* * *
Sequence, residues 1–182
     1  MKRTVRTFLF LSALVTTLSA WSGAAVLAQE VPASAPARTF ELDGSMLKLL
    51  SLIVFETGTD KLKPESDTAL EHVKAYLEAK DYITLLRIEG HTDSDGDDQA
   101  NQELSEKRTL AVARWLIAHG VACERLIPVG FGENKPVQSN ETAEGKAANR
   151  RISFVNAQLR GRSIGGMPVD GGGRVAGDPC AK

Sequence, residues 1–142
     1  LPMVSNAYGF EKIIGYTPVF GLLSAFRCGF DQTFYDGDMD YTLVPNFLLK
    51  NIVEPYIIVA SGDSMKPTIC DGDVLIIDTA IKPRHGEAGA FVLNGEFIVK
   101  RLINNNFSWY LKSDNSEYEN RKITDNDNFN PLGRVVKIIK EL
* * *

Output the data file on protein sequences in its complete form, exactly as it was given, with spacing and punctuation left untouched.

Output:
Sequence, residues 1–182
     1  MKRTVRTFLF LSALVTTLSA WSGAAVLAQE VPASAPARTF ELDGSMLKLL
    51  SLIVFETGTD KLKPESDTAL EHVKAYLEAK DYITLLRIEG HTDSDGDDQA
   101  NQELSEKRTL AVARWLIAHG VACERLIPVG FGENKPVQSN ETAEGKAANR
   151  RISFVNAQLR GRSIGGMPVD GGGRVAGDPC AK

Sequence, residues 1–142
     1  LPMVSNAYGF EKIIGYTPVF GLLSAFRCGF DQTFYDGDMD YTLVPNFLLK
    51  NIVEPYIIVA SGDSMKPTIC DGDVLIIDTA IKPRHGEAGA FVLNGEFIVK
   101  RLINNNFSWY LKSDNSEYEN RKITDNDNFN PLGRVVKIIK EL